Author Topic: An Atmosphere Of Recovery  (Read 2755 times)

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Offline John Morgan

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Re: An Atmosphere Of Recovery
« Reply #4 on: July 17, 2011, 06:16:18 PM »
Andy, I read your article. Good work. I wish you all the best.
John M.

Offline Monkey

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Re: An Atmosphere Of Recovery
« Reply #3 on: July 16, 2011, 10:08:41 AM »
Very true.

Offline CD

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Re: An Atmosphere Of Recovery
« Reply #2 on: July 16, 2011, 09:49:01 AM »
 8) 8) 8)  We should always create a good atmosphere of recovery for the newcomers and for other addicts a like .  8) 8) 8)
Being stuck way up north I read literature do service in my area,region,and homegroup.New friends new ways of life.Left old friend out there same old story they have .Like helping newcomers , I was one once,have to give back what was freely given to me .

Offline CD

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An Atmosphere Of Recovery
« Reply #1 on: May 07, 2011, 05:27:11 PM »
AN ATMOSPHERE OF RECOVERY

AN ATMOSPHERE OF RECOVERY (written in '02)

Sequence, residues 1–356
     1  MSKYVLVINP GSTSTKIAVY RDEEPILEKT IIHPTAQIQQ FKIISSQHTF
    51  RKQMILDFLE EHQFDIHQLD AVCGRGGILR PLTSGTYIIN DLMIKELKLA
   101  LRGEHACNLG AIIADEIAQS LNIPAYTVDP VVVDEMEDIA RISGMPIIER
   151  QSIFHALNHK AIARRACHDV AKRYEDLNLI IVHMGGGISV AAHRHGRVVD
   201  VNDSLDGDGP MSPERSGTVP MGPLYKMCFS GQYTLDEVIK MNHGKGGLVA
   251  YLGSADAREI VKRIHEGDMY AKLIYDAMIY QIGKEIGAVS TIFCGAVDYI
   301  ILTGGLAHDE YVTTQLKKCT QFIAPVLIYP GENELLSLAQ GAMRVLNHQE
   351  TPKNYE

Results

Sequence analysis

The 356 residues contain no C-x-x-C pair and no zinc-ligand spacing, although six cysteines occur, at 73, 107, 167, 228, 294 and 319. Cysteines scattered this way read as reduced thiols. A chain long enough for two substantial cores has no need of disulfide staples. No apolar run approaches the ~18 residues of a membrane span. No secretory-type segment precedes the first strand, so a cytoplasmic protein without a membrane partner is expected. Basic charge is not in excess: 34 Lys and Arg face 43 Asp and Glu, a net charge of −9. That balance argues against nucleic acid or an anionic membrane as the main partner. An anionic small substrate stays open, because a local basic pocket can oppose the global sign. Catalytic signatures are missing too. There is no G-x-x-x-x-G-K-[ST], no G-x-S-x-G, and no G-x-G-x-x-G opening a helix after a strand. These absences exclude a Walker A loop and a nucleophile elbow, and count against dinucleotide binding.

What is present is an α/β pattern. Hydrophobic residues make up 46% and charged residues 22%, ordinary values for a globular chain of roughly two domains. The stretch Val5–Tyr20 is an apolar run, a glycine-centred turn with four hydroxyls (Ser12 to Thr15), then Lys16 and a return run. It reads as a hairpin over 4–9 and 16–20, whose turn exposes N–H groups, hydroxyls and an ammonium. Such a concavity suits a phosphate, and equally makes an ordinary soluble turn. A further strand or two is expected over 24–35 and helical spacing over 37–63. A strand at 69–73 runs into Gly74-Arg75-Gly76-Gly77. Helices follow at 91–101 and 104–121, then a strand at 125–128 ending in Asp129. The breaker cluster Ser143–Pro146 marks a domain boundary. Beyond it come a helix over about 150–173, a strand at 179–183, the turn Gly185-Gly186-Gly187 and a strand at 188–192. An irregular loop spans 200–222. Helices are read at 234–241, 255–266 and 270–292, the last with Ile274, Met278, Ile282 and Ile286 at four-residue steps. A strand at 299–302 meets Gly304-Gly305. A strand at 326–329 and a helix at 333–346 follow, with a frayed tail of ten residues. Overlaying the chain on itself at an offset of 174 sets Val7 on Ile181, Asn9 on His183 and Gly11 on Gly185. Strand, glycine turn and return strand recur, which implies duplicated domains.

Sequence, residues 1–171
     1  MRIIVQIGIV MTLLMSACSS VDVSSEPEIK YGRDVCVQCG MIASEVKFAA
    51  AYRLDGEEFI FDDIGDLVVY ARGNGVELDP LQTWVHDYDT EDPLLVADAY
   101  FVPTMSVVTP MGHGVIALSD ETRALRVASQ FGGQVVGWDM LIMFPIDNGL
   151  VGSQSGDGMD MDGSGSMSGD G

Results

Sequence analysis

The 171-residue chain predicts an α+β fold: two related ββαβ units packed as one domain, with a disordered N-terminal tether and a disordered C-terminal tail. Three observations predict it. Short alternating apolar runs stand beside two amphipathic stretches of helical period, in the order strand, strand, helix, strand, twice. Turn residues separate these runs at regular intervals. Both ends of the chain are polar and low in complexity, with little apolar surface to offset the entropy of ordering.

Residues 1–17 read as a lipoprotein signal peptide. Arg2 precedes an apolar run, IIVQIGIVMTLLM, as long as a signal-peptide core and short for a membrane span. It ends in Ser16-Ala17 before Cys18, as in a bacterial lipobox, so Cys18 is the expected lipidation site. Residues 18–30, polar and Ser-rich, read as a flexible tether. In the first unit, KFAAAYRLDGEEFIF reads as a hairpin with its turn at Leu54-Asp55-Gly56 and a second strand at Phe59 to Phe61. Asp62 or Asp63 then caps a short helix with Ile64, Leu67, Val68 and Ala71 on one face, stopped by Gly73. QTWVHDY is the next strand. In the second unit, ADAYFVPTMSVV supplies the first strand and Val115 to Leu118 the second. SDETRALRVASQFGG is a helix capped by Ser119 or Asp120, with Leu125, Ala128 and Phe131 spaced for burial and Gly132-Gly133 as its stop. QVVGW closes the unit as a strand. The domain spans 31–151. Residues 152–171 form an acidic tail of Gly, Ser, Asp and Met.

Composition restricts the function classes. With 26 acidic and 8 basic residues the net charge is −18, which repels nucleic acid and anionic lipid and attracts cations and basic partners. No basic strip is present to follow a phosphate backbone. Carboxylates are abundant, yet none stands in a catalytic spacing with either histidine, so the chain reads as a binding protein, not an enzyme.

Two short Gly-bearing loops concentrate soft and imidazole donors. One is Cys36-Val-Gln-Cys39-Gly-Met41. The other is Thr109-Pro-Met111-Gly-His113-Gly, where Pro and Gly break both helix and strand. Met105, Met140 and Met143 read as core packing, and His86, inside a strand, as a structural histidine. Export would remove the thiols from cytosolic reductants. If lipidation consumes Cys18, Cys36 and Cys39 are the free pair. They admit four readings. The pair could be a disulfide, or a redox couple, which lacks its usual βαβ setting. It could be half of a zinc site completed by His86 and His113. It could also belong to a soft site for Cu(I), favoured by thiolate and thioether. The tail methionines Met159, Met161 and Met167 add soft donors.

Quite often I find the phrase “if a solution isn’t spiritual it isn’t practical,” to be the motivating factor propelling me in the direction of truth. Step One helps me find my place in this world by introducing perceptions of humility through powerlessness. Today, though I may be powerless over nearly all people, places, and things, I understand I do possess the power to change the world as God would have it, through the power of example, and in sharing my experience. Steps Two and Three have offered guidance and direction when the obsession arises to ‘control’ my surroundings. Yet, when an apparent need emanates to exert my issues of control, I have found turning these issues over to God being the simplest solution.

In this letter I would like to address the question of how to define “an atmosphere of recovery” within the fellowship of Narcotics Anonymous. In the active addiction that caused so much pain and misery in our lives and the lives of most everyone we came in contact with; was it not the selfish, self-centered fear driving us into an isolated death of mind, body, and soul? Truly, it was fear, manifested in our thoughts and feelings, creating our problems. It was our lack of faith, not the drugs; using was only a symptom of our dilemma. Therefore, true recovery lies not in the arena of abstinence, but rather the surrender to a spiritual way of life. Incidentally, could we not substitute the phrase “atmosphere of recovery” with “atmosphere of spirituality?”